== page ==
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Lions Roar : January 2009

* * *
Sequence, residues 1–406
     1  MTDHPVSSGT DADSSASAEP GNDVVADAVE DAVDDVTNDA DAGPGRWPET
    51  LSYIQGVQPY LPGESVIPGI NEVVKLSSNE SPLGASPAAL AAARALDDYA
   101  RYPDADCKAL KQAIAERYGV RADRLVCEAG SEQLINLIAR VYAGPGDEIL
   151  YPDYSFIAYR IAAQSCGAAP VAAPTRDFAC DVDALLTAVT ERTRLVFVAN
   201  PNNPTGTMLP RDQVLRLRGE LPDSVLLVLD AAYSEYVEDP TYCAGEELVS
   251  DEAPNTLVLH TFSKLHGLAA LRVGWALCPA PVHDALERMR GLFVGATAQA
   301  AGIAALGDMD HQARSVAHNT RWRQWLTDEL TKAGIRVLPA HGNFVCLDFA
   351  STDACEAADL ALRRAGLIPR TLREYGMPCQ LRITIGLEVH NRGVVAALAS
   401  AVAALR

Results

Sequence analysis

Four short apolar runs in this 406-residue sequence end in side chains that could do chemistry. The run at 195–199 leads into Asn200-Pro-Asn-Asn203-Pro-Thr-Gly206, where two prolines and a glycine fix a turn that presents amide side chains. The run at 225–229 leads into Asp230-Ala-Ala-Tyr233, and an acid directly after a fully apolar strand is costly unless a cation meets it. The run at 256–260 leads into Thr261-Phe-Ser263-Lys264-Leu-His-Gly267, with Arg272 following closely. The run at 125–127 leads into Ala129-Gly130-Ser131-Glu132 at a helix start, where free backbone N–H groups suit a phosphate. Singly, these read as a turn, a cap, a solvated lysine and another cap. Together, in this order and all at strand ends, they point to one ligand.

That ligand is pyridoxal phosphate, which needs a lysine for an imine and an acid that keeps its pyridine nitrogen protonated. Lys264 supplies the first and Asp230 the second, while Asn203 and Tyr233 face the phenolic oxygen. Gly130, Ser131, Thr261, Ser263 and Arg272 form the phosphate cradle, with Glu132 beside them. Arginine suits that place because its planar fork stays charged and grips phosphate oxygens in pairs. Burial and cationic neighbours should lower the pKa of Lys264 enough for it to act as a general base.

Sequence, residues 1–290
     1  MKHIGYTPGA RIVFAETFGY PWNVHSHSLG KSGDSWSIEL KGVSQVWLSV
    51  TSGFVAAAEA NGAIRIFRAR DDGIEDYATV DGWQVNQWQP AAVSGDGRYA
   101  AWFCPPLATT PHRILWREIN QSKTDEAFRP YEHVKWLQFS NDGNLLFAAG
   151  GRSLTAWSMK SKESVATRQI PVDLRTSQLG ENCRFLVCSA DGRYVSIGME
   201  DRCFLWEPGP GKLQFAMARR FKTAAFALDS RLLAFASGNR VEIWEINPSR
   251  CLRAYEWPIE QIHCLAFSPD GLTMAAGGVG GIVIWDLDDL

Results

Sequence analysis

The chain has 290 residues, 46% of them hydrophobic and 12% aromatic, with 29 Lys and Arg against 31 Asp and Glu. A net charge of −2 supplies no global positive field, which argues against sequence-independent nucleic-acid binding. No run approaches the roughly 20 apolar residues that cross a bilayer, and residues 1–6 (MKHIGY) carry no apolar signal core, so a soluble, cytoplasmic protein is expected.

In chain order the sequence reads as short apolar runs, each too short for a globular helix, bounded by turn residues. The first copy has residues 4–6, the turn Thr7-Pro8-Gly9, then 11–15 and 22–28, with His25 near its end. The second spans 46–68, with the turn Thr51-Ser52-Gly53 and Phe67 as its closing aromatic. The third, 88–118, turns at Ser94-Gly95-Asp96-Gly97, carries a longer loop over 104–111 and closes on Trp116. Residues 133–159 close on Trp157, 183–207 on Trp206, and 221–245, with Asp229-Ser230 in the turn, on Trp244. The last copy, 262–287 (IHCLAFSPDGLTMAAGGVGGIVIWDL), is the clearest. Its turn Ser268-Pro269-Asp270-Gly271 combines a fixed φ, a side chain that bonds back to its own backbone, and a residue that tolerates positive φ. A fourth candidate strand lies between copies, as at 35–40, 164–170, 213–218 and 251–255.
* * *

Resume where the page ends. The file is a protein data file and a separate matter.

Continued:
SHAMBHALA SUN JANUARY 2009 36 up with each other in a state of such inseparable interdependence is both a basic tenet of modern ecology and the primal structure and insight upon which Buddhist ethics are based. I once came upon a surprising and arresting statement by Charles Darwin about the common earthworm: “It may be doubted whether there are any other animals which have played so important a part in the history of the world, as have these lowly creatures.” I must have been fourteen or fifteen years old when I read this, but I somehow knew that what Dar- win said of earthworms might well be said of any creature on Earth. We cannot choose what life forms to share our planet with, selecting only those to our liking and dispensing with all the rest. Earthworms are particularly illustrative of the folly of ignoring the essential symbi- otic relationship of all life. Yet, I have found that there are people who simply loathe worms, finding them disgusting. My neigh- bor across the street, for instance, has been waging a decades-long war with the worms in her lawn. She complains that they leave “unsightly” droppings and that she’s found no effective way to be rid of them. What’s missing in her complaint is the fact that the reason her lawn stays so green and vibrant is because of the very earthworms she’s been struggling all these years to exterminate. Earthworms are nature’s preeminent com- posters. They convert dead organic matter into rich humus essential to the growth of healthy plants. Not only that, earthworms also “plow” the soil by tunneling through it, and these tunnels are the passageways Am I not, like these bewildered creatures, also caught out on the pavement? It’s not unreasonable to feel that way in a world encrusted with structures of our own invention.